Shares of Trivago (NASDAQ:TRVG) plunged on Tuesday after the hotel-booking specialist posted a weaker-than-expected bottom-line result in the third quarter. Revenue fell 1% to 250.3 million euros, while Adjusted EBITDA slipped from 26.6 million euros to 10.9 million euros as the company faced challenges in its home market in Europe.

Looking ahead, fourth-quarter guidance also seemed to disappoint investors -- management called for revenue to decline in the current quarter, and for full-year Adjusted EBITDA guidance to come in at the lower end of its 60 million-80 million euro range. However, there were some key announcements and data points that investors should be aware of in addition to the quarterly results. Let's take a closer look.

A couple in a pool at a hotel

Image source: Trivago.

1. Trivago's getting a new CEO

Along with the third-quarter announcement, the company said that founder and CEO Rolf Schromgens would vacate the CEO post and join Trivago's supervisory board at the end of the year, concluding 15 years of running the hotel meta-search aggregator. CFO Axel Hefer will become the new CEO. Hefer has been with the company since its IPO in 2016, and has overseen Trivago's advertiser strategy, among other aspects of the business. Matthias Tillman, the current head of Corporate Finance, will become the new CFO.

Hefer takes over at a time when the stock has been in free fall, as shares are now down about 75% from the IPO price. The company previously faced a dispute with Booking Holdings, its biggest customer, over Trivago's rules, and has tinkered with its own product in order to optimize the platform to convert searches into hotel bookings. But revenue growth has been flat in recent years, due in part to competition from Google, online travel agencies, and home-sharing platforms like Airbnb.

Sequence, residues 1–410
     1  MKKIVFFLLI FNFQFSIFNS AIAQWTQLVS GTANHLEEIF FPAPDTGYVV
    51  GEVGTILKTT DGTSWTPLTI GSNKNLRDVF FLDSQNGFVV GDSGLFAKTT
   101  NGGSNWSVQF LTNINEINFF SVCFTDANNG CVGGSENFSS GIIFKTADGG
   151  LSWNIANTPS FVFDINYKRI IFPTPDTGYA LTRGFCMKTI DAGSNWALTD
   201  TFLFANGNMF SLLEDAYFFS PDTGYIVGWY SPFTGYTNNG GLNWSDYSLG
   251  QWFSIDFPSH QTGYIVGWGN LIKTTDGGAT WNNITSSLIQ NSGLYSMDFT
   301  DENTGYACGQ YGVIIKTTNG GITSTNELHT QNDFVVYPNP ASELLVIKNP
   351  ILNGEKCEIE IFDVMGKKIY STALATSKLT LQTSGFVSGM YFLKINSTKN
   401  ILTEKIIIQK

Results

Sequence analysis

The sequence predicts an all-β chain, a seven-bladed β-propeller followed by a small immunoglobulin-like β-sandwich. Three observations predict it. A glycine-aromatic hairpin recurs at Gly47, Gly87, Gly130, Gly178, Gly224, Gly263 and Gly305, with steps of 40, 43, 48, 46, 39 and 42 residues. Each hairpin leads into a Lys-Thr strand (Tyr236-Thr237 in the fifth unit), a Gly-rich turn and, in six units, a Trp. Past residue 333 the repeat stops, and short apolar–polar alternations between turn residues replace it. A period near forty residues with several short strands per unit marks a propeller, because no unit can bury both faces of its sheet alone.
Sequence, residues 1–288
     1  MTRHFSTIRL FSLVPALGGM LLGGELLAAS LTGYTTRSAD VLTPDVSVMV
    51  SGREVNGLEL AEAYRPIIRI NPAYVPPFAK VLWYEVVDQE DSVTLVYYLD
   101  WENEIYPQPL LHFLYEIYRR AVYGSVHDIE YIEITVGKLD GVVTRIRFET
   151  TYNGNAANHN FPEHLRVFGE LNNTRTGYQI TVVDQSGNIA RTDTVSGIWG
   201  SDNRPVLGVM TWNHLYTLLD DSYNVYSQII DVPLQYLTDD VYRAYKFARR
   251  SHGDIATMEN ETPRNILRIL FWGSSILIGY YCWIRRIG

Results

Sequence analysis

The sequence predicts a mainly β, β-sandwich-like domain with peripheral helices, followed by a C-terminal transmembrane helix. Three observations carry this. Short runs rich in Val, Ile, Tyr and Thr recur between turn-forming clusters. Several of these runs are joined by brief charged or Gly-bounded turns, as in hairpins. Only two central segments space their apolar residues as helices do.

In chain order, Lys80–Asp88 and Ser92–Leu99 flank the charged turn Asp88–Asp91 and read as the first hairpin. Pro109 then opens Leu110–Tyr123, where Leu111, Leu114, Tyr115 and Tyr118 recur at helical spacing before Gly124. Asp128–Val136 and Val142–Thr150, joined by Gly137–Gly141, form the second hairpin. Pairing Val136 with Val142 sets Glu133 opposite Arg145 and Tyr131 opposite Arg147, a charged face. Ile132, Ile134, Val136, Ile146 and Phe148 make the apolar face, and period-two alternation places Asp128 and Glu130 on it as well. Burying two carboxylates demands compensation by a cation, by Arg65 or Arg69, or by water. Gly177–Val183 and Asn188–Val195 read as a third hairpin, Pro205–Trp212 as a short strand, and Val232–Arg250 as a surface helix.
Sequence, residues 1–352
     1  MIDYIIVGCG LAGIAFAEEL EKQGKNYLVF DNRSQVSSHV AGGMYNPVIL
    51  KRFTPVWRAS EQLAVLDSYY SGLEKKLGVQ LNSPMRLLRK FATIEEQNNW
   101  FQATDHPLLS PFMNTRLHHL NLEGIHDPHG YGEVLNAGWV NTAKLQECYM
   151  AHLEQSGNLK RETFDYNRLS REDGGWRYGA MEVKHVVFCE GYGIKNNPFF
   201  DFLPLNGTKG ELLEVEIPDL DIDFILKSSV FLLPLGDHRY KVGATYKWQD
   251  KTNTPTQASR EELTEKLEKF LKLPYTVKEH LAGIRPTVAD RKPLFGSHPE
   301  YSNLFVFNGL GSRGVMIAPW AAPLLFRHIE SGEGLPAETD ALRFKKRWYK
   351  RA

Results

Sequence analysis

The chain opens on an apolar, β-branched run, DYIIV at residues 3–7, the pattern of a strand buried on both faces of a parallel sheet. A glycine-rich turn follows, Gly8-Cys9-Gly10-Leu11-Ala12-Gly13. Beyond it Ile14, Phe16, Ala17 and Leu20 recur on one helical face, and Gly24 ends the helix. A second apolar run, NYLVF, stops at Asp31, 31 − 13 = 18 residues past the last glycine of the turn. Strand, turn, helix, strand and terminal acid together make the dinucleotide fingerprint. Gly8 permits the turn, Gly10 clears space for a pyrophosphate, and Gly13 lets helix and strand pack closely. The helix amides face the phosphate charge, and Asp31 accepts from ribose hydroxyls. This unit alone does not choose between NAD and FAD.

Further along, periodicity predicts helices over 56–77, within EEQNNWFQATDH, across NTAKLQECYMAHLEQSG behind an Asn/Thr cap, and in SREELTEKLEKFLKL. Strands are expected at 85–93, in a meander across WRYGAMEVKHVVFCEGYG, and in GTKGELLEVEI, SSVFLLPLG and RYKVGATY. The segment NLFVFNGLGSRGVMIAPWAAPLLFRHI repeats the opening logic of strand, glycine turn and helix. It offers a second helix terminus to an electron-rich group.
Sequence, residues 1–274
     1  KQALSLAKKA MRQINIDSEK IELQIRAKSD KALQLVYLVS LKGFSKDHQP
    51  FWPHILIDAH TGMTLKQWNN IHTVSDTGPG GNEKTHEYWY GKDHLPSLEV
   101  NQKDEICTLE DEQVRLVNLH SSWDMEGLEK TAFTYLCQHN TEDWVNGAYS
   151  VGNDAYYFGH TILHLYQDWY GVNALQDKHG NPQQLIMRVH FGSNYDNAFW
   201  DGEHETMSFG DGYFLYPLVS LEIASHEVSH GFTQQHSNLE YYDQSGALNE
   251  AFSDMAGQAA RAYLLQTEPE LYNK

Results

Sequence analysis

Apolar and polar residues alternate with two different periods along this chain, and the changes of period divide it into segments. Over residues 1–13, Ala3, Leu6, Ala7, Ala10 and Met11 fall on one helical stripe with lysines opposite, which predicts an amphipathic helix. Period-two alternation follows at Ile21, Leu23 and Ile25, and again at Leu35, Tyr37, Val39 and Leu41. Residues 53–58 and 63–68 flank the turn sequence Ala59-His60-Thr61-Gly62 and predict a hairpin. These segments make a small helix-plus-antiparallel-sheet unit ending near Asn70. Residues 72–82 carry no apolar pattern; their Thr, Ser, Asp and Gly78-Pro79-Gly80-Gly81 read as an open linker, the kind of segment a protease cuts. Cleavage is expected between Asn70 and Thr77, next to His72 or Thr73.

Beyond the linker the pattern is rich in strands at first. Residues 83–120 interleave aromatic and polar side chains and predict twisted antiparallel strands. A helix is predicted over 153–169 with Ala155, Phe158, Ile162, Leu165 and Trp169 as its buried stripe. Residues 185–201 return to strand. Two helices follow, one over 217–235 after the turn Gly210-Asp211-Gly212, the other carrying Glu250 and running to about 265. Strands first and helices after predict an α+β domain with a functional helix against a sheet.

2. Americas growth impresses

While Trivago's overall numbers may have underwhelmed, the company effectively executed in the Americas, where revenue jumped 19% to 96.3 million euros. Revenue per qualified referral, or essentially what the company collects from connecting end users with hotels, rose 22% to 2.24 euros, a sign that its recent product optimizations are delivering results. Management credited the product optimizations and an increase in advertising spending for the strong growth in the Americas.

However, performance lagged in Europe, its other key market, where revenue fell 9% to 104.2 million euros. Management blamed softness in the market, which weighed on cost-per-click rates from its largest advertisers, Booking Holdings and Expedia. The gap between Europe and the Americas seems to reflect a difference in the relative strength of the regions' economies.

3. Alternative accommodations listings have more than doubled

The biggest change in the hotel market in the last decade has been the rise of home-sharing and vacation rental platforms like Airbnb and VRBO. Trivago has responded aggressively to that threat by scaling up the number of "alternative accommodations" on its platform. The company now has more than 2.3 million such listings on the platform, up from about 1 million a year ago and just 250,000 the year before that. CFO Hefer would not disclose what percentage of the company's listings were alternative accommodations, but called it "meaningful."

On the call, management said that Airbnb was testing listings on Trivago in some markets. Airbnb has more than 7 million listings on its site, so a full-on partnership between the two companies would greatly expand Trivago's alternative accommodations.

4. Plenty of challenges remain 

Despite a number of changes and improvements the company has made to its platform in recent years, its financial performance continues to disappoint -- both revenue and profits were down in the current quarter and guidance for the fourth quarter was uninspiring. 

Hefer did not give specific guidance for 2020, but said the company was aiming to grow Adjusted EBITDA. He also played down threats from the likes of Google, and said there were no significant changes in the competitive landscape. The reality for Trivago is that it competes with much larger players, including Booking Holdings and Expedia, who are also its biggest partners and have much more influence over the market. Google has also made a more aggressive play for the hotel market, adding to the competition.

It's clear why investors have gotten frustrated with the one-time growth stock as the company's strategy has shifted from growing revenue to EBITDA in recent years, though at this point Trivago is struggling to do either. Though the company seems to be making the right moves with product optimizations that make its platform easier to use for customers and deliver more bookings for its bidding partners, without a significant change in the market, Trivago seems unlikely to be more than a bit player, especially as long as it's competing with Booking, Expedia, and Google.